Beautifully engraved RARE SPECIMEN certificate from the Brooklyn and Brighton Beach Railroad Company
dated 1895. This historic document was printed by the American Banknote Company and has an
ornate border around it with a vignette of a train coming out of a tunnel with a steamship in the background. This item is
over 118 years old. This is the only specimen of this company's certificate we have seen.
The Brooklyn and Brighton Beach Railroad was a steam railway that opened in 1878 as the Brooklyn, Flatbush and Coney Island RR. It was made to carry vacationers to the Brighton Beach Hotel.
The Brighton Line opened from the Willink entrance of Prospect Park (modern intersection of Flatbush and Ocean Avenues and Empire Boulevard, now the Prospect Park station on both the renamed Brighton and the Franklin Ave. Shuttle lines) to Brighton Beach (modern Coney Island Avenue at the shoreline) on July 2, 1878 and the full original line on August 18. It was an excursion railroad — the Brooklyn, Flatbush and Coney Island Railway — to bring beachgoers from downtown Brooklyn (via a connection with the Long Island Rail Road) to the seashore at Coney Island on the Atlantic Ocean, at a location named Brighton Beach at the same time the railroad arrived. It has been known since its opening as the Brighton Beach Line but is now described as the Brighton Line in MTA literature and in public usage.
After losing its connection with the Long Island Rail Road in 1883, the railroad fell on hard times, reorganizing as the Brooklyn and Brighton Beach Railroad in 1887
. Seeking a new route for its excursion business and its local trade in communities along the way, it formed an agreement with the Kings County Elevated Railway to connect to its Fulton Street Line, which gave access to the new Brooklyn Bridge and Manhattan passengers. This was accomplished in 1896.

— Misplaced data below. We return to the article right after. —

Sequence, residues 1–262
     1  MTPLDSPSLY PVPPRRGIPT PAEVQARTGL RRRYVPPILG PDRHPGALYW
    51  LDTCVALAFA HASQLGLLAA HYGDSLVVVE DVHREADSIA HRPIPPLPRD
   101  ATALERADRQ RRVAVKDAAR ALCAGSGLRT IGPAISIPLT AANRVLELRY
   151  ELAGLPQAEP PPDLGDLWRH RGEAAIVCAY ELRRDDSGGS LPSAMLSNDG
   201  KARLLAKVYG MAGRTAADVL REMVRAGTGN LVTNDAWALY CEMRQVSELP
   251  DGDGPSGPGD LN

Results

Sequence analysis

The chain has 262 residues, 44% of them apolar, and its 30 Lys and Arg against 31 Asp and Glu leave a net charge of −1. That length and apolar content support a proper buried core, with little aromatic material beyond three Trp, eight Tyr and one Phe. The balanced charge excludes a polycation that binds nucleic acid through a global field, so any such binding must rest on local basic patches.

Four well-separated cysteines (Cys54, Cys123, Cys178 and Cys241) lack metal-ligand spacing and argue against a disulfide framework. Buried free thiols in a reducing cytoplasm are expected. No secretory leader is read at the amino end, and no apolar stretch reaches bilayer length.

A series of mergers and leases put the Brighton Beach Line in the hands of the Brooklyn Rapid Transit Company (BRT), a holding company which eventually controlled most of the rapid transit, streetcar and bus lines in Brooklyn and part of Queens. The line was electrified with trolley wire and, for a time, trolleys from several surface routes and elevated trains operated together on the line.
The BRT was reorganized as the Brooklyn–Manhattan Transit Corporation (BMT) in 1923. In 1940, the BMT was purchased by the City of New York, and operation passed to the city's Board of Transportation, which already operated the city-built Independent Subway System (IND).
R68A Q train in the trench south of Prospect Park
The original line was a two-tracked high-speed surface steam railroad operating from Bedford Station, at Atlantic Avenue near Franklin Avenue in the City of Brooklyn, at which point it made a physical connection to the Long Island Rail Road's Atlantic Branch. From Bedford the line ran on a surface private right-of-way several blocks south to Park Place, which it crossed at grade, and then in an open cut with street overpasses through what is now Crown Heights and Flatbush, as far as Church Lane (now Church Avenue) in the Town and Village of Flatbush. From that point the line continued on the surface to a point at current Beverley Road between Marlborough Road (East 15th Street) and East 16th Street, curving southeast and running on the surface between the lines of the latter streets through the Towns of Flatbush and Gravesend to Sheepshead Bay, then turning southerly to reach the beach at Brighton Beach on Coney Island in the Town of Gravesend.